DeCordova is internationally recognized as a major venue for the exhibition and interpretation of modern and contemporary outdoor sculpture. The Sculpture Park occupies the entire campus: 30 acres of beautifully landscaped lawns, forests, fields, gardens, and terraces on a rolling site along the shore of Flint’s Pond in Lincoln, Massachusetts. There are 62 sculptures on display in the Sculpture Park. The Sculpture Park reveals to visitors a cross-section of how contemporary artists work outdoors, and how outdoor art enters into complex dialogues with sites and environmental conditions.  

Breathe Life 3 Rob _Problak_ Gibbs.jpg
Now + There

Breathe Life 3, by Problak (Rob Gibbs)

Now + There

 Sites are free and outdoors to view indefinitely 



​Now + There supports artists and the public to create “bold public art experiences that open minds, conversations, and spaces across Boston, resulting in a more open, equitable, and vibrant city.” They are a public art curator challenging Boston’s cultural identity through compelling projects and artistic risks. The projects are temporary and sight-specific, hence the name. 


Public installations currently on view: 

  • To Each Era Its Art. To Art, Its Freedom. by Jose Dávila, located across from the New England Aquarium at 250 Atlantic Ave, Boston, MA

  • Patterned Behavior by Silvia López Chavez, located on the Charles River Esplanade near the Mass Ave. Bridge.  

  • Breathe Life 3 by Problak (Rob Gibbs), located at 808 Tremont Street

  • Augment by Nick Cave, located at 555 Columbia Ave.

Mount Auburn Cemetery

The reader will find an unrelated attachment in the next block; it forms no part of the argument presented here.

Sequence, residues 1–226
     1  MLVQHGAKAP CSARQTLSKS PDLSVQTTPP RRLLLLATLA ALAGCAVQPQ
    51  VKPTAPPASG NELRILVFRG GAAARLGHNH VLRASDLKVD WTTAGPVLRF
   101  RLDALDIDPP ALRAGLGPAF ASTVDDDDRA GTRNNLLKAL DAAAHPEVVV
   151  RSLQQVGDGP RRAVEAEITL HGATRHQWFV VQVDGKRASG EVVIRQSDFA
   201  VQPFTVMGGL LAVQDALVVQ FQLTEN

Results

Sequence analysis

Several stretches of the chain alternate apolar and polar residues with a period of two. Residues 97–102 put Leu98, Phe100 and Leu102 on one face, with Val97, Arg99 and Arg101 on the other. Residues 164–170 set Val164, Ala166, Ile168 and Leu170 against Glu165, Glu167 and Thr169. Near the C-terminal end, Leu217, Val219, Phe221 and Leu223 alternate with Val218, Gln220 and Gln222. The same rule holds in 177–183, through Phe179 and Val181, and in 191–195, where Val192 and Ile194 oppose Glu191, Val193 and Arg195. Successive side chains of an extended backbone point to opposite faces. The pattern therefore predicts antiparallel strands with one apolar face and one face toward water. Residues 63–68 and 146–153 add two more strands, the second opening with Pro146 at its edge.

Mount Auburn Cemetery

580 Mt Auburn St, Cambridge


There are many ways to experience Mount Auburn. It is a wonderful place to walk, to push a stroller, to look for wildlife, or to enjoy a bit of tranquility. We offer printed and electronic materials to help you learn more about the Cemetery’s history, the notable people buried here, the many monuments and buildings, and our plant collections. We also offer suggestions for exploring the Cemetery with young children. 

If your main interest in coming to Mount Auburn is to take a leisurely stroll, the Cemetery offers miles of roads and paved paths to explore. We have two designated walking paths: an inner loop of 1 mile and outer loop of 2 miles.


Forest Hills Cemetery


Forest Hills Cemetery

95 Forest Hills Ave, Jamaica Plain, MA


​Forest Hills Cemetery is one of the finest examples of the garden cemetery in the United States. It was founded in 1848 to provide a magnificent park-like setting to bury and remember family and friends. Set among the important jewels of Greater Boston’s “Emerald Necklace”— the linked collection of parks and green spaces (the “jewels”) that ring the city — Forest Hills Cemetery is a treasure trove of natural splendor and man-made beauty. In recognition of its unique qualities, Forest Hills Cemetery was added to the National Register of Historic Places in 2004. A guide book is available on their website as you walk through the cemetery authored by cultural and design historian Elise Ciregna, PhD. 


New England Landscape Design & History Association

South End Walking Tour: James Hayes Park

New England Landscape Design & History Association (NELDHA) South End Walking Tour



The route is approximately 2 miles long.

It can be covered at a leisurely pace in 2 hours.

​NELDHA’s self-guided walking tour of Boston’s South End Green Spaces, takes the visitor into a neighborhood of historic residential and institutional properties, including a sampling of the historic garden squares along with newer parks and green spaces. Originally the South End of Boston was a narrow strip of land called the "Neck", which connected the Shawmut Peninsula of Boston to the Roxbury mainland. In the mid-nineteenth century the City of Boston filled in the South End to remedy a housing shortage. Today the South End is one of the largest urban Victorian neighborhoods in the United States.  


Michele Boshar - Andover Village Square Mural

Untitled by Edward Granger, located 45-49 Ward St. in Salem

North of Boston - Murals


​The North of Boston Convention and Visitors Bureau, Inc. (NBCVB) is a private, nonprofit, membership based organization responsible for promotion of Essex County as a travel destination.  Their website hosts a treasure trove collection of more than 100 of  the region’s outdoor, walkable murals available free to the public at all times in 15 different communities.